Specifically, the numbers I look for are a block rate of at least 6.0 with a steal rate of at least 2.5. In fact, these benchmarks are probably too lofty. I've been tracking these stats for the past three seasons, and only two players playing at least 24 minutes per game in power conferences getting have been able to reach these figures. Those players are Joakim Noah (who did it twice) and Shelden Williams, who were both among the best defenders in recent years.
I've called this the Renaldo Balkman Rule for a reason, though. Balkman, you'll recall, was a junior forward at South Carolina during the 2006 season. After the season ended, Balkman decided to test the NBA waters and put his name in the draft. This was met with widespread mockery and derision, at least by the people who bothered to care. Later in the spring, Balkman decided to leave his name in the draft, which was met by more mockery and derision. When he was selected in the first round by the Knicks, again you had mockery and derision. This time it was directed towards Knicks GM Isiah Thomas.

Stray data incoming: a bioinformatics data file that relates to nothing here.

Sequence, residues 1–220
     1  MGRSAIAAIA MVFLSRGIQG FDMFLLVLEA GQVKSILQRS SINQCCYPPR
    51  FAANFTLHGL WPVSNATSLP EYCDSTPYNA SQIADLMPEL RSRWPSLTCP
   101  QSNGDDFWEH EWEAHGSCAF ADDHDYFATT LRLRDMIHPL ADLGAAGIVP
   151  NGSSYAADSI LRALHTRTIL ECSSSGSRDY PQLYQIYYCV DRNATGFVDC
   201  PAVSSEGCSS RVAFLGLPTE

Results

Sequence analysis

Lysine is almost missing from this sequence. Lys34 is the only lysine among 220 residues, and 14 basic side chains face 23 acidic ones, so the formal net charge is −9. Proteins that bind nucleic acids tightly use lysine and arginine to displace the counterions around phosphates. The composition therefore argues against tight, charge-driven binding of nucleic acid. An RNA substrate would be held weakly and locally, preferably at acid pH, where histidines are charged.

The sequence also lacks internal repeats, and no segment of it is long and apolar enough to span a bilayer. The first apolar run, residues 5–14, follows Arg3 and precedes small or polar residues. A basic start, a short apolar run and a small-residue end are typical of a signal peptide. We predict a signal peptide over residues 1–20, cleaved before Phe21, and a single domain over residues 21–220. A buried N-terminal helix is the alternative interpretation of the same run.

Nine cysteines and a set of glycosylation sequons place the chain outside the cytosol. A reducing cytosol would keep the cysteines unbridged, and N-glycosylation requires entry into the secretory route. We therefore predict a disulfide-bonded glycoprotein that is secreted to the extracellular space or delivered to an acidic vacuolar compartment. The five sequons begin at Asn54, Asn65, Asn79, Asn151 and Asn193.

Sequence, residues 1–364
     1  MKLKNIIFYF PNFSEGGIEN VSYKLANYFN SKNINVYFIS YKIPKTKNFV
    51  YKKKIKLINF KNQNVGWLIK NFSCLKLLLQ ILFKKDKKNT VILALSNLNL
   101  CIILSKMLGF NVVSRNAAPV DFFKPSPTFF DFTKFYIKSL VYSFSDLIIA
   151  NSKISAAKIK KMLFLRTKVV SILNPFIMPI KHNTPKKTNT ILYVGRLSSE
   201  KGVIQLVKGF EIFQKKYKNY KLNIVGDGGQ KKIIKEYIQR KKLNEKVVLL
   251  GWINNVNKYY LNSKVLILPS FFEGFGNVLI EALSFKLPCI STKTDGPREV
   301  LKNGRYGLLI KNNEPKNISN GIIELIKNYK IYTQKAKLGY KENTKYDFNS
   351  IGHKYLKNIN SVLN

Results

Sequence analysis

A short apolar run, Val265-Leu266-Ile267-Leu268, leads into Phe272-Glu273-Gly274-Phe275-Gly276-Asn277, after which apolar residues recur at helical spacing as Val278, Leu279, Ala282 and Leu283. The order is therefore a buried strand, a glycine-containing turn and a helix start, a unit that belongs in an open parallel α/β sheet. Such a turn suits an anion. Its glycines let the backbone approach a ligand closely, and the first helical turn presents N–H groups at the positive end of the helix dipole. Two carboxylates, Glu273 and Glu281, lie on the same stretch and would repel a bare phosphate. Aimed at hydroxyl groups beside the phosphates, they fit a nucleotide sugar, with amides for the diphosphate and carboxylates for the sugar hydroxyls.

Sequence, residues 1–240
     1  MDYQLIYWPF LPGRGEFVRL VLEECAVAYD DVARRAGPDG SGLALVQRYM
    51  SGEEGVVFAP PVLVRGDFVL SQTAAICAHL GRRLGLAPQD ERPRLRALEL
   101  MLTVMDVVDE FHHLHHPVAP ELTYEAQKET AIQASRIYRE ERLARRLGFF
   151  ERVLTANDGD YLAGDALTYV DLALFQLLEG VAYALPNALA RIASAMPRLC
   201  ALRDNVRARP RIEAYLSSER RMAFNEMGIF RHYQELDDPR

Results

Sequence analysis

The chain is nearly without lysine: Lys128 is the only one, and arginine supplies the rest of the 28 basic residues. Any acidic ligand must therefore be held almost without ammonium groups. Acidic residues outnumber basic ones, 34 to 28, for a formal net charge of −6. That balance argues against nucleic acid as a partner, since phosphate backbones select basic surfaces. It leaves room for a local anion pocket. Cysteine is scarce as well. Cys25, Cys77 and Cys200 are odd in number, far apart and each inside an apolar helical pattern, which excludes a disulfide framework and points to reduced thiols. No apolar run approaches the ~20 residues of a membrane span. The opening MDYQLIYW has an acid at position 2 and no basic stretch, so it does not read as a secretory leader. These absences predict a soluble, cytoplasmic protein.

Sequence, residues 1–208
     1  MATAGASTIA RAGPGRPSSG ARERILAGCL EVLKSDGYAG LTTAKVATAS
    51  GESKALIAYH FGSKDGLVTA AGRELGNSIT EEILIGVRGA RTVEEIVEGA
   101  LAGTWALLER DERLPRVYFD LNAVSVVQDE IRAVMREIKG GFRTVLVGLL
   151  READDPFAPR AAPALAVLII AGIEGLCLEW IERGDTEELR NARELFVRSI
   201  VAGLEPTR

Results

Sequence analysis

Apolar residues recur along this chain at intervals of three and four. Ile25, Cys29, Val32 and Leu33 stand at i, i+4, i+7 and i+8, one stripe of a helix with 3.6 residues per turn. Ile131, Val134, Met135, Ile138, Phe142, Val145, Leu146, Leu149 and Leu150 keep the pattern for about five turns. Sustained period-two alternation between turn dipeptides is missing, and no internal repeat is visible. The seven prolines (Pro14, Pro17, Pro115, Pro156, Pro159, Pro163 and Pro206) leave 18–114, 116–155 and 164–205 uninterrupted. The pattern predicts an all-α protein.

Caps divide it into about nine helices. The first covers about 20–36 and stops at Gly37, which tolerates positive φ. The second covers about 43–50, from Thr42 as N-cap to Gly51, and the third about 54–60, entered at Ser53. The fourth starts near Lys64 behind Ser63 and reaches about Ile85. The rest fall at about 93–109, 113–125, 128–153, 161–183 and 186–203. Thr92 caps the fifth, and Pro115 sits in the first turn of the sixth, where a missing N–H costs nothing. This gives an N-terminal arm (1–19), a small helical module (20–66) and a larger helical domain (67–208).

During his final college season, Balkman posted a block rate of 5.9 and a steal rate of 4.1. He didn't quite qualify for the rule I created in his name, but against a difficult schedule, he was close enough to deserve some attention. And even though he's been playing for the Knicks, his career has been consistent with with being one of the top collegiate players on defense that season. In fact, by some advanced measures, he was one of the best defenders in the NBA last season. You could say that Thomas and Balkman got the last laugh on their critics, except that both have bigger things to worry about, like being associated with a team that is on the brink of becoming a laughingstock. However, Balkman's decision to join the NBA should have been taken more seriously from the beginning given his block and steal numbers.
So far this season, there are just three players from power conferences meeting the Balkman threshold: Kansas sophomore Darrell Arthur, Nebraska senior Aleks Maric and LSU freshman Anthony Randolph. Arthur actually met the benchmarks last season as a part-time player, and Kansas should be able to maintain its status as the best defensive squad in the land with him as its anchor. Maric is the unlikeliest member of this trio because he has never qualified in either category in his previous three seasons in Lincoln. So far this season he has 15 blocks and 13 steals. All of last season, while averaging nearly 30 minutes per game, he had 33 and 15, respectively.